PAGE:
College and university professors know all about campuswide efforts to overhaul the general curriculum. Exhausting as such enterprises are, the conversations and arguments about what courses students should be required to take are illuminating. On my own campus, recent curricular debates made clear that arguments about the importance of history as a mode of thinking and inquiry were not sufficient to preserve its place in the academic program. For some of my colleagues outside the discipline—and particularly colleagues outside the humanities—history's value in the liberal arts depends on historians providing students with particular and common content about the past. That is, our role is to give students the historical narrative. Of course, my colleagues were right to suspect that we historians have not been doing this.

The distinguished University of California sociologist Claude Fischer is also unhappy with historians' failure to provide the grand narrative—in this case the grand narrative of American history. But instead of waiting for recalcitrant historians to tie up the "loose threads that comprise the study of American social history," Fischer provides his own metanarrative, neatly laid out in the introduction. Fischer is convinced that there is an American national character that makes America exceptional and that its central feature is voluntarism, defined here as something like individualistic collegiality: we are "sovereign individuals," but we love to be in groups that we can leave when we so choose.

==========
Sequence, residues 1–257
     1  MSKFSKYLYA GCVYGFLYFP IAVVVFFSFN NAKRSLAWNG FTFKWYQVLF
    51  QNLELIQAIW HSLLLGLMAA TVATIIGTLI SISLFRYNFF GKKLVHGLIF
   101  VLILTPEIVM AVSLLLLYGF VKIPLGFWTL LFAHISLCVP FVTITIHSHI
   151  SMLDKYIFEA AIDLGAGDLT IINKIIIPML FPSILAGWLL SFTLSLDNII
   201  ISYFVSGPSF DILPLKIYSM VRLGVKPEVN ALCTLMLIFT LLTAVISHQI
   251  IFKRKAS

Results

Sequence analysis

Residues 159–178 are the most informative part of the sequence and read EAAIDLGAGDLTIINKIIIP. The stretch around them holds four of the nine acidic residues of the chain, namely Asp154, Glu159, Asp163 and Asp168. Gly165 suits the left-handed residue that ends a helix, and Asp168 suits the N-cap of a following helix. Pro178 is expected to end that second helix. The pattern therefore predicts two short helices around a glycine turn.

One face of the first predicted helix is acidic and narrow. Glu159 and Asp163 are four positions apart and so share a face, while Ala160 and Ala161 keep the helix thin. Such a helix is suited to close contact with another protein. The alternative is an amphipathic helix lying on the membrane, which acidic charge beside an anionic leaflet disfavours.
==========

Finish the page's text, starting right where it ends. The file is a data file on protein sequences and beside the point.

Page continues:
This character, which unites us as a people, had its origins among white Prot­estants in the Northeast, and the white middle-class "lives and promulgates" this "distinctive and dominant character of the society" more than any other sector. But thanks to the "availability and expansion of material security and comfort," the mainstream has widened over time so that "more people could participate in that distinctive culture more fully and could become 'more American.'" In sum: "There is an American cultural center; its assimilative pull is powerful; and it is distinctive—or 'exceptional.' The historical record speaks."